Studies have shown that IB graduates perform better across the board when it comes to university. Skills like independent learning, time management, critical thinking skills and research skills (referencing included!) are all bonuses of the IB in making that leap to university. I have been told on numerous occasions that the IB would prepare me well for university – from having already learnt content, to actually knowing how to reference, Harvard style, of course.
I cannot be sure of the “critical thinking” spiel, because I honestly don’t know exactly how demanding university is on skills like these (and how much I actually think critically, and not cynically), but in terms of having learnt university content, the IB prepares you 200%.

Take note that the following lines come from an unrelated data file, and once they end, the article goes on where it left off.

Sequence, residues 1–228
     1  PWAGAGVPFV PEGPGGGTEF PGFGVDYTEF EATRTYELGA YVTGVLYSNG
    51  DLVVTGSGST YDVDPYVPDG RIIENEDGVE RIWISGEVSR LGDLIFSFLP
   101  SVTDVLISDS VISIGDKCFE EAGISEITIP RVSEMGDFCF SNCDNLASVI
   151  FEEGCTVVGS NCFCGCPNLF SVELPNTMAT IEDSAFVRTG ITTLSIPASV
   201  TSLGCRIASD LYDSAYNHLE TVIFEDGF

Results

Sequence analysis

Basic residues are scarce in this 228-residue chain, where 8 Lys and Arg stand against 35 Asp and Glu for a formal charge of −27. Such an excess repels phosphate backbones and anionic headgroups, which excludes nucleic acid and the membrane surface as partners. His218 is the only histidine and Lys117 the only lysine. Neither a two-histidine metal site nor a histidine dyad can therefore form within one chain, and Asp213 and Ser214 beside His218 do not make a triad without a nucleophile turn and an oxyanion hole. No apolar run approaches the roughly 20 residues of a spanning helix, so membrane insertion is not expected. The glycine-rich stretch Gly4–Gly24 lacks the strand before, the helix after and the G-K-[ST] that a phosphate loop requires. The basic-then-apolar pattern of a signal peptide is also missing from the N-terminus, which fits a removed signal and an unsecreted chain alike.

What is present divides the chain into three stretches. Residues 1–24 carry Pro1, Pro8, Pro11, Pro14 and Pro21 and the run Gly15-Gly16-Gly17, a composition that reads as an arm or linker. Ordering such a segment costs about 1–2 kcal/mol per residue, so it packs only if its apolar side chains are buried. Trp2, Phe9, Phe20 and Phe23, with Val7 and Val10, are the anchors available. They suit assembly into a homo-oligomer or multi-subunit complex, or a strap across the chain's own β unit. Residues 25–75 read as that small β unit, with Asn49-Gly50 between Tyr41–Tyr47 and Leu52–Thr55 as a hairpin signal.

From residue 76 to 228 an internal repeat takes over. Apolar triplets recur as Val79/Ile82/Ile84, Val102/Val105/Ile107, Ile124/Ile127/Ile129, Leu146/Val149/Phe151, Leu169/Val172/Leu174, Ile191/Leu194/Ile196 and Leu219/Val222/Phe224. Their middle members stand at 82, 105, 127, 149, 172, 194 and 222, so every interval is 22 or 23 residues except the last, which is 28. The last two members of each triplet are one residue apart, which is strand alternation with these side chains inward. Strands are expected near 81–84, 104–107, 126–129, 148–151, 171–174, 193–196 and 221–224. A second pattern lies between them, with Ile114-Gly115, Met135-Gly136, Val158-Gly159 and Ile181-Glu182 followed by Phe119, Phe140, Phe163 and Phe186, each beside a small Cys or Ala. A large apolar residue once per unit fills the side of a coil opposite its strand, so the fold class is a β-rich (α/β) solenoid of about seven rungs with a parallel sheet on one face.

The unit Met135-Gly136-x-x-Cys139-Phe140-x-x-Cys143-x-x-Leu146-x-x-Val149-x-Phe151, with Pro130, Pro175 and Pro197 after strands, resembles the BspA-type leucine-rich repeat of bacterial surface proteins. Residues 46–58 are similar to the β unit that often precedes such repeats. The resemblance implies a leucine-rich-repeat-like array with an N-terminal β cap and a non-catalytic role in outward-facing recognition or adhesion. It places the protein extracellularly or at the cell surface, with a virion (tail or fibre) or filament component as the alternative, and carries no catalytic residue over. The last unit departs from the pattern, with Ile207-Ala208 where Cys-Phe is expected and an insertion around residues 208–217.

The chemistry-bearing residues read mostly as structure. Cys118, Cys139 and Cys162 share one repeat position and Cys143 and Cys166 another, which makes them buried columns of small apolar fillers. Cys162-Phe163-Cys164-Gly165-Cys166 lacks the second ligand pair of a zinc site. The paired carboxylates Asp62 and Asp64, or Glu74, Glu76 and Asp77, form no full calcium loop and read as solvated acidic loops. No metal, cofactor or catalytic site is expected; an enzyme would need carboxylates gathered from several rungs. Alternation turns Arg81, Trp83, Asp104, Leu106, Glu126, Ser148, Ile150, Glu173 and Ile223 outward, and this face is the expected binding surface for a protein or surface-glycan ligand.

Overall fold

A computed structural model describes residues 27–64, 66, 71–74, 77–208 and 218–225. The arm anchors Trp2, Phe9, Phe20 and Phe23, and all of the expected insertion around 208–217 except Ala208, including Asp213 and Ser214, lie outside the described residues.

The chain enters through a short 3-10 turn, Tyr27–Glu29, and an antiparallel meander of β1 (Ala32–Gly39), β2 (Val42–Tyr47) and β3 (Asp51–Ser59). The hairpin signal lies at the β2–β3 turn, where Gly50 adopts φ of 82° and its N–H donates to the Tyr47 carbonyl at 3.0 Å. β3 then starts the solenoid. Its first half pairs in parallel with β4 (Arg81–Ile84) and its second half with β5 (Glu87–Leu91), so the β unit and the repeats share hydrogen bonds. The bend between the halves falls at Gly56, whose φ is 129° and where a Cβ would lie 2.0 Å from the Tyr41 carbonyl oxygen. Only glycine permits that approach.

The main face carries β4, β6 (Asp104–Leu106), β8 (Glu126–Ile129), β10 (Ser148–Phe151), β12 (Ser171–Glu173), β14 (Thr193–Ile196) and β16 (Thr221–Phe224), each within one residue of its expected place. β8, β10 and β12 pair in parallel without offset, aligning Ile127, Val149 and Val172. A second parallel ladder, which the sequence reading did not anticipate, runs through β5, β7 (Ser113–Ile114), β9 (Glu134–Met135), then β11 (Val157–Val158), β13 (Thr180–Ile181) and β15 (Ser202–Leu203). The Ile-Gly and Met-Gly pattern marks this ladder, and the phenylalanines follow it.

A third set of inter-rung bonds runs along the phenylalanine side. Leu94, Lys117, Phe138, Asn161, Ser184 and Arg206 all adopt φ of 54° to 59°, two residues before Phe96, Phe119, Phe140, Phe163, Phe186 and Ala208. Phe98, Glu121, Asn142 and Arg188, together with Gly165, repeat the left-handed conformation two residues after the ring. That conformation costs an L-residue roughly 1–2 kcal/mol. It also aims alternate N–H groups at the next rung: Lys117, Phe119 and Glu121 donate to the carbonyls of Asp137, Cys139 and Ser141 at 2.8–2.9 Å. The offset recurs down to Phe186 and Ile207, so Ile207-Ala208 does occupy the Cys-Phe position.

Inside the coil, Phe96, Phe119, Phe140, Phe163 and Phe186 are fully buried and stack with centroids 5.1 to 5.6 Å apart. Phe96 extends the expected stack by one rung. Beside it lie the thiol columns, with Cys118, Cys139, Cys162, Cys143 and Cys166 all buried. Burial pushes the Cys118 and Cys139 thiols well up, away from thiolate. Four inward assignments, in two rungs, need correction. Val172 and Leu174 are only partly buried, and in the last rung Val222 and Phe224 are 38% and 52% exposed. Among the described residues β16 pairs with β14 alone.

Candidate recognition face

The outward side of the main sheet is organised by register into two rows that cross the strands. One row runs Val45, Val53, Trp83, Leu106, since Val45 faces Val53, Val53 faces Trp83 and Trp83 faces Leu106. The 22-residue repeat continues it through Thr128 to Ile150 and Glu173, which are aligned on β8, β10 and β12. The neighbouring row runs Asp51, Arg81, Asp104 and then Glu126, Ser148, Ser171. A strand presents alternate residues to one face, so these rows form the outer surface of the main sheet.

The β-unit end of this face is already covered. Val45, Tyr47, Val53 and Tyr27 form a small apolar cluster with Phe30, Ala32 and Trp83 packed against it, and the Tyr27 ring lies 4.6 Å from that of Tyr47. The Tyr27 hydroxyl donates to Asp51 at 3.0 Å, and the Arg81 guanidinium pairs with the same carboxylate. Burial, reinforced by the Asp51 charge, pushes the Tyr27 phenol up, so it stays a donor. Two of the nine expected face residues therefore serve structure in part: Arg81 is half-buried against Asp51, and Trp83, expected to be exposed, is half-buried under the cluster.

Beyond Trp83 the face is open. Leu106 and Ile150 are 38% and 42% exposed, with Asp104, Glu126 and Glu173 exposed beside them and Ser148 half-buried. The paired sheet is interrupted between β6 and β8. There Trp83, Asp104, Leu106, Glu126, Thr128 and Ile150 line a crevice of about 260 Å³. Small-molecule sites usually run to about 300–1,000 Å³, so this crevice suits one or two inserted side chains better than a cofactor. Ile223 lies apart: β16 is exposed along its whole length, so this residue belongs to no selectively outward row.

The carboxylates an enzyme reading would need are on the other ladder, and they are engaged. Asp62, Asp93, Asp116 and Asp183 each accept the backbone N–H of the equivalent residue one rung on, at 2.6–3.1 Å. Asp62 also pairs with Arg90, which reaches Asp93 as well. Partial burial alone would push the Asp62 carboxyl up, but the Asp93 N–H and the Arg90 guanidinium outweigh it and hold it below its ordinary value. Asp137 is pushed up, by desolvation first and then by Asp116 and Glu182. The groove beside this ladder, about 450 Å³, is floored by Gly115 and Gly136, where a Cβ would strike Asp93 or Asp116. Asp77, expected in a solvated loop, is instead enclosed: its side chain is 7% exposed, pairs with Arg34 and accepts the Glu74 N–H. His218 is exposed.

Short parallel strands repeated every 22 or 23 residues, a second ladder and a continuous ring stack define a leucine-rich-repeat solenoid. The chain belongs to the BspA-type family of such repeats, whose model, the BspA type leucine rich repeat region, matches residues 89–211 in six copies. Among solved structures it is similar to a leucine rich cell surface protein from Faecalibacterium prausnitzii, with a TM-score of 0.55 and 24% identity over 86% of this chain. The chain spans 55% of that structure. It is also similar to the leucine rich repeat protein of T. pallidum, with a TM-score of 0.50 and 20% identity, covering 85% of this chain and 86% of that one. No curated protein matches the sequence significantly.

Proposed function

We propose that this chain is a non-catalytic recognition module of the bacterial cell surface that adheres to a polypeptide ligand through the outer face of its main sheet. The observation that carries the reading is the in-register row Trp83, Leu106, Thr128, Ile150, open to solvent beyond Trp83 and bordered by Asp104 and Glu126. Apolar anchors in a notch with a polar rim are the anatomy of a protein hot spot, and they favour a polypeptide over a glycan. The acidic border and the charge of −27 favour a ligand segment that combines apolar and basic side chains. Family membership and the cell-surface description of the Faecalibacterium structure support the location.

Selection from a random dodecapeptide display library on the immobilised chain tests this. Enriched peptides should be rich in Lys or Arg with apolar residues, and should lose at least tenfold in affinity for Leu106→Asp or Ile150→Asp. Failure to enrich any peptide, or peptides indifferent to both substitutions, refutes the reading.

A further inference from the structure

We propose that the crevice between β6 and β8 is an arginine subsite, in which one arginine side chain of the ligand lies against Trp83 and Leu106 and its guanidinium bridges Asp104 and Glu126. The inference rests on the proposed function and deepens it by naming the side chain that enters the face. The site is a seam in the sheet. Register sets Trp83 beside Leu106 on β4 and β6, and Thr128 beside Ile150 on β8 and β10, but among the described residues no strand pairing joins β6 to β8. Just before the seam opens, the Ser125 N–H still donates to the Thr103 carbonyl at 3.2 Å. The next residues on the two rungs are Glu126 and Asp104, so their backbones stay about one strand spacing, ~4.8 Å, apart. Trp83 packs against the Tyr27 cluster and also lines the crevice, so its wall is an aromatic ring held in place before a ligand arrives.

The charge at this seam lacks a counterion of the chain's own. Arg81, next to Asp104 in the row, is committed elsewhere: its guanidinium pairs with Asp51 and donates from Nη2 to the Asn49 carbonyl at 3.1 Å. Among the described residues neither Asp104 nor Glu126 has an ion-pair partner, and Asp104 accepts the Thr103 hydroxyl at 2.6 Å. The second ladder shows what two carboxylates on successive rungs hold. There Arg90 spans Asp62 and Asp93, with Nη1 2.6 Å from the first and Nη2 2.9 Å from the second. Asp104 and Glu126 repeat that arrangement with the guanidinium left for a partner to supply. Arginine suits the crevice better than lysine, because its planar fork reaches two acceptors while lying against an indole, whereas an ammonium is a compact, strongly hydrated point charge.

The Microeconomics unit I have to do this semester as part of my Commerce degree is almost identical to the Microeconomics that is part of the IB Economics Syllabus. Perfect competition, market power, game theory, business pricing decisions and supply and demand. Already done and dusted. I have heard from IB graduates in the past that they have flown through semester 1, simply because they have already done all the content.
So my advice to you? If you know what you want to do in university, do as many IB subjects related to that degree as possible. For Medicine and Sciences, do Chemistry and Biology. For Engineering, do a higher level of Math and Physics. Anything business, do Business Management and Economics. You get the point. It will give you a good feel for what you will or might enjoy at university, and it will also set you up very well to just fly through first year university. On the other hand, if you have absolutely no idea what it is you want to do, the IB gives you good scope to do a little bit of everything. Enjoy that freedom while it lasts, because after having done the IB, university feels extremely restricting in comparison.